And for dog's sake, look at how she phrases the thing. The last time the Titans and Ravens played, the Ravens won. They did so (according to Nancy: I didn't watch the game) because Mandy's brother blocked a punt near the end of the game which would have put the Titans over the top. Thus depriving Nancy of the ten grand Jeff Fisher would have given to her. Presumably, on Fisher's part, this is a superstitious way of thanking God for his team's success: "Thanks, God, for making sure we all did our jobs better than the other guys today. Here's a little something. Keep up the good work." But Nancy--only, I swear, half joking!--tsks at Mandy because Trevor hasn't sent Nancy $10,000 of his money to make up for depriving Nancy's favorite team of the win. She even encourages viewers to write Trevor and guilt him into sending her the money.

Leaving aside the icky extortiony overtones, it's very, very likely that Trevor Pryce prays to God and/or is a Christian. A significant proportion of NFL players talk the Christian talk as easily as they rattle off sports cliches, and it's equally difficult to tell who is sincere and to what degree. I recall a recent sideline interview where a player was asked, "What do you credit with your, and your team's, outstanding success today?" and he replied, "Well, obviously prayer." Such senitments are sufficiently common that neither the player nor the reporter anyone else saw anything the least bit unusual about it.

My feelings are best expressed here with a Simpsons quote:

Lisa (as Joan of Arc): God, you told me to lead the French to victory!
Groundskeeper Willie (as Oliver Cromwell): Hey, ya two-timin' spot of light! Ya tol' me ta lead tha English ta victory!

I think sometimes people find it difficult to separate, in their own minds, two very different ideas of God.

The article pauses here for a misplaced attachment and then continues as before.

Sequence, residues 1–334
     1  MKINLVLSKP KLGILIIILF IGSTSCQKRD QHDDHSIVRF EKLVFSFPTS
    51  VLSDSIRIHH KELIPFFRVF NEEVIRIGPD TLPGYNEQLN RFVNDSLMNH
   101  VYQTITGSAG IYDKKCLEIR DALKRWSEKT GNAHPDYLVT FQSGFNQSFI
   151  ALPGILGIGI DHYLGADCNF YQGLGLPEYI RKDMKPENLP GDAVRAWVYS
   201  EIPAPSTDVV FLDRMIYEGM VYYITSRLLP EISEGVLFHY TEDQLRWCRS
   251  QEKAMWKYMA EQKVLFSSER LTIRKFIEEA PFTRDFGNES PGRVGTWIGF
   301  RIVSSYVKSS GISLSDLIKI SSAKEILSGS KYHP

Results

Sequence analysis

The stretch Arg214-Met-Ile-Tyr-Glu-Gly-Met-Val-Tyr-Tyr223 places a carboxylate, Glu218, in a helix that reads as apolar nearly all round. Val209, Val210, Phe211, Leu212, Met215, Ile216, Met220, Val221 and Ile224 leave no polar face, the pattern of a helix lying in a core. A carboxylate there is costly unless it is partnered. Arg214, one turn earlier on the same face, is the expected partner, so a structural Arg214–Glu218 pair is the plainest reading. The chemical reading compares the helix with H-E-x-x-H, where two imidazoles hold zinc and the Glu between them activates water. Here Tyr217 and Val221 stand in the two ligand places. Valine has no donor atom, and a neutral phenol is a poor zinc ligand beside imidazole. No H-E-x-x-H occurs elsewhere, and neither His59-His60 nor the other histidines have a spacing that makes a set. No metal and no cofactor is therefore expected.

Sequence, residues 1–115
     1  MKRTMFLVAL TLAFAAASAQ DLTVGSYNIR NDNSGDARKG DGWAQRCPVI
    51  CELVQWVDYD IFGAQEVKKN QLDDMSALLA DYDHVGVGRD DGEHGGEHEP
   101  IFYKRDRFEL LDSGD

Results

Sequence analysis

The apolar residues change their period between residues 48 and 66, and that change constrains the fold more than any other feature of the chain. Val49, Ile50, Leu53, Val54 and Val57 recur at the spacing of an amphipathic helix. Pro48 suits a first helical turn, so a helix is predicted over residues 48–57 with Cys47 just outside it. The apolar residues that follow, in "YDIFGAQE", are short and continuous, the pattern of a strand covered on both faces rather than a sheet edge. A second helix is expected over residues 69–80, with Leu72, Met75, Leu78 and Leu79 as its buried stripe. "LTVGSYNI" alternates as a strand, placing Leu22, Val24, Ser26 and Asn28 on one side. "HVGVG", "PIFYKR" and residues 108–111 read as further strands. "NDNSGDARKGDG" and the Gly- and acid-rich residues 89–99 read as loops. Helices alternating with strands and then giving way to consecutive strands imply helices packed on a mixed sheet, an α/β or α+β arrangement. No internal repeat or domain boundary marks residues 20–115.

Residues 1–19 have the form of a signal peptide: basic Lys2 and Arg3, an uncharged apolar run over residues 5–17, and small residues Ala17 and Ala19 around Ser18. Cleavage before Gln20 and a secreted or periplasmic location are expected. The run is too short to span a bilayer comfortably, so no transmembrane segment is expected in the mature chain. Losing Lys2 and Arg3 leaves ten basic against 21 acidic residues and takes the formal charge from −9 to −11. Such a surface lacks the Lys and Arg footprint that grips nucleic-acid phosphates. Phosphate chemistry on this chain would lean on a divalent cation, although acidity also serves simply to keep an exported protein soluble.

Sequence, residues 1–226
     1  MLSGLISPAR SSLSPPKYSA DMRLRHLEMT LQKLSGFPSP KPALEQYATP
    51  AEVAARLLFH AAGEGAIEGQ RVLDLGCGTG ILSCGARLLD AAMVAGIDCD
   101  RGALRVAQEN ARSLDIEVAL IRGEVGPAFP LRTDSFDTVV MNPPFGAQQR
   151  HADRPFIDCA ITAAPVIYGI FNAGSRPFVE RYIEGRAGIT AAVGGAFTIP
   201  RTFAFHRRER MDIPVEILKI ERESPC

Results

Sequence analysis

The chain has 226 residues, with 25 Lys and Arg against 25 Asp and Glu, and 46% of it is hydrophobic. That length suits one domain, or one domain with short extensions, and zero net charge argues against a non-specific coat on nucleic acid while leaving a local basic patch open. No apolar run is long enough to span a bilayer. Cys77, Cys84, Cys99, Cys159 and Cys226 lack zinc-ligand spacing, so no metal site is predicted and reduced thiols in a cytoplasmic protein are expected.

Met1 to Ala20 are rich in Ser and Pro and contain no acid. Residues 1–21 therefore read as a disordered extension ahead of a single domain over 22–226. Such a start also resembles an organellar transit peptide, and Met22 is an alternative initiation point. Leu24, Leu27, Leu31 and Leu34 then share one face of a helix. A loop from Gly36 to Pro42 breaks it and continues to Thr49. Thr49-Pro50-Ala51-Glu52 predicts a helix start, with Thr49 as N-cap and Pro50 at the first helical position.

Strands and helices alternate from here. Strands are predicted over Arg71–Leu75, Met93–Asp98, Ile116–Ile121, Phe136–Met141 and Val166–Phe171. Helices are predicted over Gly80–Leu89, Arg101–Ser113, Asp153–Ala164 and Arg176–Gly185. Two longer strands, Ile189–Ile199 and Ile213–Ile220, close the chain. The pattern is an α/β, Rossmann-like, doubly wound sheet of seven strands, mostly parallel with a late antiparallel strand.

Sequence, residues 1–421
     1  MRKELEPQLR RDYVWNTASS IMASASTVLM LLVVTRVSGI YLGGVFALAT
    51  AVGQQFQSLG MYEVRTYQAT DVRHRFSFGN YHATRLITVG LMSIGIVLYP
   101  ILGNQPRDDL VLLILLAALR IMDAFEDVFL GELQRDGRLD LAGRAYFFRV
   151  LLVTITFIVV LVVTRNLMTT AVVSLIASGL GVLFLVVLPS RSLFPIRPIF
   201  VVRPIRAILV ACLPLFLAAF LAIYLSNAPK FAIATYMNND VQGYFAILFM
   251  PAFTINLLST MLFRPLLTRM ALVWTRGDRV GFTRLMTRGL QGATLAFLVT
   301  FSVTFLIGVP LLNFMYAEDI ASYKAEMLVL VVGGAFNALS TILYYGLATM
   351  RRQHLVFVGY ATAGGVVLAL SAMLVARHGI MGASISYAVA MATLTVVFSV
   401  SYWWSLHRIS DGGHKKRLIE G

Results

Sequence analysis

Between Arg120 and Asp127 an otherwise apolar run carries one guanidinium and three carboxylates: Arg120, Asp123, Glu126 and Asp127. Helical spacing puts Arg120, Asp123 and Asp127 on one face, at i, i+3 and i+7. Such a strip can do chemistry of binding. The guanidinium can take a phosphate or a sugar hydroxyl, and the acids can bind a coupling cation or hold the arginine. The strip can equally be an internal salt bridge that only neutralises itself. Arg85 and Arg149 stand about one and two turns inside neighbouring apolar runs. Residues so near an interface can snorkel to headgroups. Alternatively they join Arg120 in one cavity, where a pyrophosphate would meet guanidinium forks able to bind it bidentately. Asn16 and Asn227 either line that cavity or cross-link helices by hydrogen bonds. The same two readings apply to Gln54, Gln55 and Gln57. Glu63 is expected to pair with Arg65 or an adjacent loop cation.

There is the God who chooses sides in every conflict and announces his will as the result of armed struggle. That idea fought at the side of crusaders, conquistadors, and colonialists. Its use for football is considerably less harmful, but it is a viciously toxic things to be waving around at the mentally ill or unstable. Or anybody else for that matter. People like Cromwell and Joan all down through the ages, and a lot of people even today, took that idea to its logical conclusion over and over and over again. It leads to violent subjugation, dammit. It is an evil idea.

Then there is the God who looks only upon the heart, loves all people with equal divine desperation. The idea of a God who was willing to cram himself into a sack of meat and get jeered and ostracized and hideously mutilated and killed just to prove to his wonderful, agony-laden, thick-headed darlings that he really does understand. That idea of God can be a really wonderful idea. Belief in it can do amazing things to a person. "Oh! I've done horrible things, but I don't have to be defined by them; I can change. God says so. God could take revenge on me for doing horrible things, and he totally could have, but took it out on himself instead because he doesn't want to lose me. I must be worth saving, so I'm going to try and be a better person!"

It is emotionally lazy as hell to mix the two. The bad idea somehow always seems to win out, like dandelions (pretty and allegedly edible as they are) shoving the green grass out of a lawn. It is shoddy, poser-ass personality construction and I do not condone it. But everyone who freaking does it seems to get away with it.

And now one of THEM found a way to besmirch football, which was already besmirched for various reasons, and I barely liked anyway!


Anonymous said...

Maybe the Titans' loss was a message to them to stop giving $$$$ to a group that abuses young women. I pray the message gets through to them.